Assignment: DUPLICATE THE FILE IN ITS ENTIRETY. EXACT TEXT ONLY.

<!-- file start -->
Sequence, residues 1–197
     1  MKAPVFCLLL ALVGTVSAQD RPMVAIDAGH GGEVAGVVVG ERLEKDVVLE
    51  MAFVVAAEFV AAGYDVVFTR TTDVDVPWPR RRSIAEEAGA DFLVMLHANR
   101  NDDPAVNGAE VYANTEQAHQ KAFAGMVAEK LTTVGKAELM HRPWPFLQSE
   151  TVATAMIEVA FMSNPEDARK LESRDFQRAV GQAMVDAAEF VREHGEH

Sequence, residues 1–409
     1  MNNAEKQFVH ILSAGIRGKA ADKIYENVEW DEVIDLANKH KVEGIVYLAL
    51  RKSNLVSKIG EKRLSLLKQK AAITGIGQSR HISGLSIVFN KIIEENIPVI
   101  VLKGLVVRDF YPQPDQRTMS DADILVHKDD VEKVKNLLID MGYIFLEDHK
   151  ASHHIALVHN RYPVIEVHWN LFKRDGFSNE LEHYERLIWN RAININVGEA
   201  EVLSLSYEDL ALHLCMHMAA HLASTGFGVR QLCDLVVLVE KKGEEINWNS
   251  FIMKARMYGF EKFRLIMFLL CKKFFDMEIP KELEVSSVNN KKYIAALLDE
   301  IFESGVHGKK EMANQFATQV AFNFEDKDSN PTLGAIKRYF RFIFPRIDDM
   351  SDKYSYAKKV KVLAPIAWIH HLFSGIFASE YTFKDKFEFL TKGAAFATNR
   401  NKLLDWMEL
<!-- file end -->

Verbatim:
Sequence, residues 1–197
     1  MKAPVFCLLL ALVGTVSAQD RPMVAIDAGH GGEVAGVVVG ERLEKDVVLE
    51  MAFVVAAEFV AAGYDVVFTR TTDVDVPWPR RRSIAEEAGA DFLVMLHANR
   101  NDDPAVNGAE VYANTEQAHQ KAFAGMVAEK LTTVGKAELM HRPWPFLQSE
   151  TVATAMIEVA FMSNPEDARK LESRDFQRAV GQAMVDAAEF VREHGEH

Sequence, residues 1–409
     1  MNNAEKQFVH ILSAGIRGKA ADKIYENVEW DEVIDLANKH KVEGIVYLAL
    51  RKSNLVSKIG EKRLSLLKQK AAITGIGQSR HISGLSIVFN KIIEENIPVI
   101  VLKGLVVRDF YPQPDQRTMS DADILVHKDD VEKVKNLLID MGYIFLEDHK
   151  ASHHIALVHN RYPVIEVHWN LFKRDGFSNE LEHYERLIWN RAININVGEA
   201  EVLSLSYEDL ALHLCMHMAA HLASTGFGVR QLCDLVVLVE KKGEEINWNS
   251  FIMKARMYGF EKFRLIMFLL CKKFFDMEIP KELEVSSVNN KKYIAALLDE
   301  IFESGVHGKK EMANQFATQV AFNFEDKDSN PTLGAIKRYF RFIFPRIDDM
   351  SDKYSYAKKV KVLAPIAWIH HLFSGIFASE YTFKDKFEFL TKGAAFATNR
   401  NKLLDWMEL